Recent research has suggested that energy use for cooling will overtake the demand for heating by 2050, and to avoid increasing costs, facilities managers should turn to high effi ciency cooling and ventilation systems. Chris Jones, product manager at FläktGroup, highlights the solutions available. www.fl

Supporting Gas Safety Week 2018, running from September 17-23, members of the Heating & Hotwater Industry Council (HHIC) boiler manufacturer group have pledged to place the Gas Safety messaging on their packaging.

The ICOM Energy Association has launched a new guide aimed at ensuring domestic hot water in systems is clean and safe to use.

Hamworthy Heating has hired two news sales team members, with Paul Fox looking after specifi cations for consultants in London and Darcy May taking care of Hamworthy’s customers in the East Midlands.

BSS Industrial has raised £100,000 for the mental health charity Mind this September, with the launch of its fi rst ever Car-aoke Rally.

Chillventa is always a highlight on the HVACR calendar, and the Association of European Refrigeration Component Manufacturers (ASERCOM) and the European Partnership for Energy and the Environment (EPEE) will join forces again this year.

Burner manufacturer and distributor EOGB Energy Products Ltd has offi cially launched Baltur, the Italian- based global brand in heating solutions, into the UK.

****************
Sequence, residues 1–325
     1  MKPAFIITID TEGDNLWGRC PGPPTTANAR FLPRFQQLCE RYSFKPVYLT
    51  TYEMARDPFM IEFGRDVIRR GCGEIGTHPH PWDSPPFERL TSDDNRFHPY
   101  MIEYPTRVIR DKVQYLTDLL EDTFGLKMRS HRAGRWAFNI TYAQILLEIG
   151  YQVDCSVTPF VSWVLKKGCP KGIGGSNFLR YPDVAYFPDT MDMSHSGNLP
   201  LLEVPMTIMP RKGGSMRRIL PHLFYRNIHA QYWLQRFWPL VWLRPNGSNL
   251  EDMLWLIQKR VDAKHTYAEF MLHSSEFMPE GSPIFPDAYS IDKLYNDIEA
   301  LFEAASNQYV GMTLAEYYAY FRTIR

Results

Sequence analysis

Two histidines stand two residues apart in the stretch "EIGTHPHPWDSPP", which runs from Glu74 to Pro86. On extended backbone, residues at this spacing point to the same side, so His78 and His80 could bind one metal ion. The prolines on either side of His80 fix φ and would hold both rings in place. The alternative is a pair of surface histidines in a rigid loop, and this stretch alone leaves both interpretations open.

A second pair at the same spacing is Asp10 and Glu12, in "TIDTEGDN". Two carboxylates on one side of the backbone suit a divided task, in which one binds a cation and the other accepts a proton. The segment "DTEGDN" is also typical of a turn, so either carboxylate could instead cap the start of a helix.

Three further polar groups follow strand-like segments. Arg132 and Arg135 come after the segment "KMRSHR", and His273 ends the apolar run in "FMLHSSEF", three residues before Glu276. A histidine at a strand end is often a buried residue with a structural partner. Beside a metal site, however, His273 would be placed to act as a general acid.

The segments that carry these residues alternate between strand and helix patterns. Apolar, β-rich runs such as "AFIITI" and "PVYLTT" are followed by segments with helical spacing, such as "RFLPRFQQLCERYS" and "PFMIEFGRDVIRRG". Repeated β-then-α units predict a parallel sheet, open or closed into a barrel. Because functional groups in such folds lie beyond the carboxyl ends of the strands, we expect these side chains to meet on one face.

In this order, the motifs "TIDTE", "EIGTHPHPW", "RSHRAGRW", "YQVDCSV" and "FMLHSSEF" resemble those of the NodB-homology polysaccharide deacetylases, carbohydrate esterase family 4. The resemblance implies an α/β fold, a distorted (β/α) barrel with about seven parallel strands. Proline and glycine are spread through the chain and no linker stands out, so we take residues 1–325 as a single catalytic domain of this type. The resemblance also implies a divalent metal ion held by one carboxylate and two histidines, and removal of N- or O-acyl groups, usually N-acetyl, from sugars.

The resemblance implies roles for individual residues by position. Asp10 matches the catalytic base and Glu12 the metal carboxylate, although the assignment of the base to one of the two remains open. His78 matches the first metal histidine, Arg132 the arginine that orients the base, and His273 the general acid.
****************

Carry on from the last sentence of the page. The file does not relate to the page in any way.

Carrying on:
The Specialist Engineering Contractors’ (SEC) Group has welcomed support from Lord Adonis, past chairman of the UK Infrastructure Commission, for reform of the construction industry’s payment practices.

8 October 2018



reathing Buildings, a UK provider of controlled hybrid ventilation systems, has welcomed the 2018 edition of BB101: Guidelines on ventilation, thermal comfort and indoor air quality in schools. Recently published by the Education and Skills Funding

Agency, the document is aimed at technical professionals involved in the design, specifi cation and construction of new school buildings and the refurbishment of existing buildings. The Building Bulletin sets out the regulatory framework for school ventilation, giving recommended performance levels for compliance with UK regulations while also providing non-statutory guidance on ventilation, thermal comfort and indoor air quality in schools. The BB101 2018 guidance has changed signifi cantly

since the previous BB101 published in 2006. Focusing on the vital balance of indoor air quality, thermal comfort and effi ciency, BB101 2018 sets more stringent air quality targets, is tougher on summertime overheating, and recommends a pre-mixing of air to eliminate cold draughts. Hybrid ventilation systems are also introduced in BB101 2018 alongside traditional natural and mechanical ventilation, off ering specifi ers an alternative ventilation design strategy for schools. “We welcome the updated BB101 since it

comprehensively addresses the issues of air quality, thermal comfort and energy use all of which are key to the design of ventilation systems in schools. This guidance will help ensure that we have effi cient, healthy and comfortable environments in schools so children will benefi t from eff ective teaching and learning spaces,” said Matthew Bray, commercial director at Breathing Buildings.